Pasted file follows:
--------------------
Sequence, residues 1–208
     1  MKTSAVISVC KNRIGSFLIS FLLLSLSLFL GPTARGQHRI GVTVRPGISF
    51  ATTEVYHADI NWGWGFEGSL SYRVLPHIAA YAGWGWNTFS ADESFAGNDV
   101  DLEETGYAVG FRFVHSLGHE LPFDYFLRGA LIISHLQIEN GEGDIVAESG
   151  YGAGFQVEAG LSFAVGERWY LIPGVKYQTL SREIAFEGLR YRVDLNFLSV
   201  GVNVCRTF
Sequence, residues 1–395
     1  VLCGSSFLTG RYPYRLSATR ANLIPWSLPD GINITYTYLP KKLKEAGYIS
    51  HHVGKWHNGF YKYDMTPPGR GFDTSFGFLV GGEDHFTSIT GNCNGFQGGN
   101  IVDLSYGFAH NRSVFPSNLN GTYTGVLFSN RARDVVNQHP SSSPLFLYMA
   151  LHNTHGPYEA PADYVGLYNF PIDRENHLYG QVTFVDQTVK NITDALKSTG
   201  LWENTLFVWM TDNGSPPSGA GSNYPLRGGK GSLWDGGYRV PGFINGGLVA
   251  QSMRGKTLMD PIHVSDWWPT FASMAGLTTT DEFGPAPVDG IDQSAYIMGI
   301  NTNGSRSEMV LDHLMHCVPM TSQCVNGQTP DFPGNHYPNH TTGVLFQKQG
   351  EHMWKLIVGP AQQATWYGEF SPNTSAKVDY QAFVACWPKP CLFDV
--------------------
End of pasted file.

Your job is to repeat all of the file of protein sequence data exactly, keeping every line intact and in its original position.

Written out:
Sequence, residues 1–208
     1  MKTSAVISVC KNRIGSFLIS FLLLSLSLFL GPTARGQHRI GVTVRPGISF
    51  ATTEVYHADI NWGWGFEGSL SYRVLPHIAA YAGWGWNTFS ADESFAGNDV
   101  DLEETGYAVG FRFVHSLGHE LPFDYFLRGA LIISHLQIEN GEGDIVAESG
   151  YGAGFQVEAG LSFAVGERWY LIPGVKYQTL SREIAFEGLR YRVDLNFLSV
   201  GVNVCRTF
Sequence, residues 1–395
     1  VLCGSSFLTG RYPYRLSATR ANLIPWSLPD GINITYTYLP KKLKEAGYIS
    51  HHVGKWHNGF YKYDMTPPGR GFDTSFGFLV GGEDHFTSIT GNCNGFQGGN
   101  IVDLSYGFAH NRSVFPSNLN GTYTGVLFSN RARDVVNQHP SSSPLFLYMA
   151  LHNTHGPYEA PADYVGLYNF PIDRENHLYG QVTFVDQTVK NITDALKSTG
   201  LWENTLFVWM TDNGSPPSGA GSNYPLRGGK GSLWDGGYRV PGFINGGLVA
   251  QSMRGKTLMD PIHVSDWWPT FASMAGLTTT DEFGPAPVDG IDQSAYIMGI
   301  NTNGSRSEMV LDHLMHCVPM TSQCVNGQTP DFPGNHYPNH TTGVLFQKQG
   351  EHMWKLIVGP AQQATWYGEF SPNTSAKVDY QAFVACWPKP CLFDV